Genomic allergen rapid detection in-house validation-a proof of concept.

Toxicol Sci. 2014 Jun;139(2):362-70. doi: 10.1093/toxsci/kfu046. Epub 2014 Mar 27. Johansson H., Rydnert F., Kuehnl J., Schepky A., Borrebaeck C.A.K., Lindstedt M. Abstract Chemical sensitization is an adverse immunologic response to chemical substances, inducing hypersensitivity in exposed individuals. Identifying chemical sensitizers is of great importance for chemical, pharmaceutical, and cosmetic industries, in order to prevent […]

Toxicol Sci. 2014 Jun;139(2):362-70. doi: 10.1093/toxsci/kfu046. Epub 2014 Mar 27.

Johansson H., Rydnert F., Kuehnl J., Schepky A., Borrebaeck C.A.K., Lindstedt M.

Abstract

Chemical sensitization is an adverse immunologic response to chemical substances, inducing hypersensitivity in exposed individuals. Identifying chemical sensitizers is of great importance for chemical, pharmaceutical, and cosmetic industries, in order to prevent the use of sensitizers in consumer products. Historically, chemical sensitizers have been assessed mainly by in vivo methods, however, recently enforced European legislations urge and promote the development of animal-free test methods able to predict chemical sensitizers. Recently, we presented a predictive biomarker signature in the myeloid cell line MUTZ-3, for assessment of skinsensitizers. The identified genomic biomarkers were found to be involved in immunologically relevant pathways, induced by recognition of foreign substances and regulating dendritic cell maturation and cytoprotective mechanisms. We have developed the usage of this biomarker signature into a novel in vitro assay for assessment of chemical sensitizers, called Genomic Allergen Rapid Detection (GARD). The assay is based on chemical stimulation of MUTZ-3 cultures, using the compounds to be assayed as stimulatory agents. The readout of the assay is a transcriptional quantification of the genomic predictors, collectively termed the GARD Prediction Signature (GPS), using a complete genome expression array. Compounds are predicted as either sensitizers or nonsensitizers by a Support Vector Machine model. In this report, we provide a proof of concept for the functionality of the GARD assay by describing the classification of 26 blinded and 11 nonblinded chemicals as sensitizers or nonsensitizers. Based on these classifications, the accuracy, sensitivity, and specificity of the assay were estimated to 89, 89, and 88%, respectively.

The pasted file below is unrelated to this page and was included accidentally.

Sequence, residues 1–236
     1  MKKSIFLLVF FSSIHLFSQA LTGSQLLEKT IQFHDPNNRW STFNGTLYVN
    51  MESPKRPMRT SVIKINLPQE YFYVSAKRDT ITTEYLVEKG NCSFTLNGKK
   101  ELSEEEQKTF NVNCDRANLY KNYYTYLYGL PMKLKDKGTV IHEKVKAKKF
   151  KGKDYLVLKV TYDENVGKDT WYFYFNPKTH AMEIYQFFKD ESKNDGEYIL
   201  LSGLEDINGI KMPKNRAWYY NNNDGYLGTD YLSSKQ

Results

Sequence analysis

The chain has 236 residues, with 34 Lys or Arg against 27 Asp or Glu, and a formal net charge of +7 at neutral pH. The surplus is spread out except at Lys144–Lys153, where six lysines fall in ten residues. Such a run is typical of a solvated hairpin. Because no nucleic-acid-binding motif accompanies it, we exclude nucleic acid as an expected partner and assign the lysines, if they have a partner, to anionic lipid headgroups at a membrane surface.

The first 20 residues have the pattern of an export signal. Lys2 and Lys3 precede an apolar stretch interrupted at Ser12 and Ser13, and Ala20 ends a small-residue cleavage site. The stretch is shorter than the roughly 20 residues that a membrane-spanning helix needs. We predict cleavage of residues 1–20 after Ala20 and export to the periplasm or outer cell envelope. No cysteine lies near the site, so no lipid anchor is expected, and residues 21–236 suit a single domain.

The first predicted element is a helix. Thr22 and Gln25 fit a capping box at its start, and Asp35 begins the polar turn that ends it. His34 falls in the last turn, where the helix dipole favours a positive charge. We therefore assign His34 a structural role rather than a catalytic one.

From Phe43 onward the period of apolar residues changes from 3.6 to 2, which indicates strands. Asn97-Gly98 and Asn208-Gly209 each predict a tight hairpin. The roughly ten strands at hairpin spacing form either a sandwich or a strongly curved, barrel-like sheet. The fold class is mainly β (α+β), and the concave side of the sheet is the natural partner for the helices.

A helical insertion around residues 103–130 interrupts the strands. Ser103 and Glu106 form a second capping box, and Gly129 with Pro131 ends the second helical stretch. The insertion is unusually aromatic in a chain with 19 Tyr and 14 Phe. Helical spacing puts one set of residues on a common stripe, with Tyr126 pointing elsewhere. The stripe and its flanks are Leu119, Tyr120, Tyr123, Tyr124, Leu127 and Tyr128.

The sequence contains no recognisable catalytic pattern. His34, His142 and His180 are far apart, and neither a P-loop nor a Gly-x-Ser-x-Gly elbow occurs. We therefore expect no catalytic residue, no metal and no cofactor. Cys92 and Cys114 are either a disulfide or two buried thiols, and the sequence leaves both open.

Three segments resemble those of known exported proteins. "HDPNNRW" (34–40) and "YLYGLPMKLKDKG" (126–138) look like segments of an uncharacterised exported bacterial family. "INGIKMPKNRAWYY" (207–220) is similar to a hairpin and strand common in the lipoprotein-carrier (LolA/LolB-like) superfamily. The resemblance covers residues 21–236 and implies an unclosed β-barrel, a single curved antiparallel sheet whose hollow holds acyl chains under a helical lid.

KEYWORDS:

GARD; allergic contact dermatitis; chemical sensitizers; in vitro assay; predictive assay; skin sensitization

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Human blood dendritic cell subsets exhibit discriminative pattern recognition receptor profiles

Immunology. 2014 Jun;142(2):279-88. doi: 10.1111/imm.12252. Lundberg K., Rydnert F, Greiff L, Lindstedt M. Abstract Dendritic cells (DCs) operate as the link between innate and adaptive immunity. Their expression of pattern recognition receptors (PRRs), such as Toll-like receptors (TLRs) and C-type lectin receptors (CLRs), enables antigen recognition and mediates appropriate immune responses. Distinct subsets of human […]

Immunology. 2014 Jun;142(2):279-88. doi: 10.1111/imm.12252.

Lundberg K., Rydnert F, Greiff L, Lindstedt M.

Abstract

Dendritic cells (DCs) operate as the link between innate and adaptive immunity. Their expression of pattern recognition receptors (PRRs), such as Toll-like receptors (TLRs) and C-type lectin receptors (CLRs), enables antigen recognition and mediates appropriate immune responses. Distinct subsets of human DCs have been identified; however their expression of PRRs is not fully clarified. Expressions of CLRs by DC subpopulations, in particular, remain elusive. This study aimed to identify and compare PRR expressions on human blood DC subsets, including CD1c(+) , CD141(+) and CD16(+) myeloid DCs and CD123(+) plasmacytoid DCs, in order to understand their capacity to recognize different antigens as well as their responsiveness to PRR-directed targeting. Whole blood was obtained from 13 allergic and six non-allergic individuals. Mononuclear cells were purified and multi-colour flow cytometry was used to assess the expression of 10 CLRs and two TLRs on distinct DC subsets. PRR expression levels were shown to differ between DC subsets for each PRR assessed. Furthermore, principal component analysis and random forest test demonstrated that the PRR profiles were discriminative between DC subsets. Interestingly, CLEC9A was expressed at lower levels by CD141(+) DCs from allergic compared with non-allergic donors. The subset-specific PRR expression profiles suggests individual responsiveness to PRR-targeting and supports functional specialization.

KEYWORDS:

C-type lectin receptors; Toll-like receptors; human dendritic cell subsets; pattern recognition receptors

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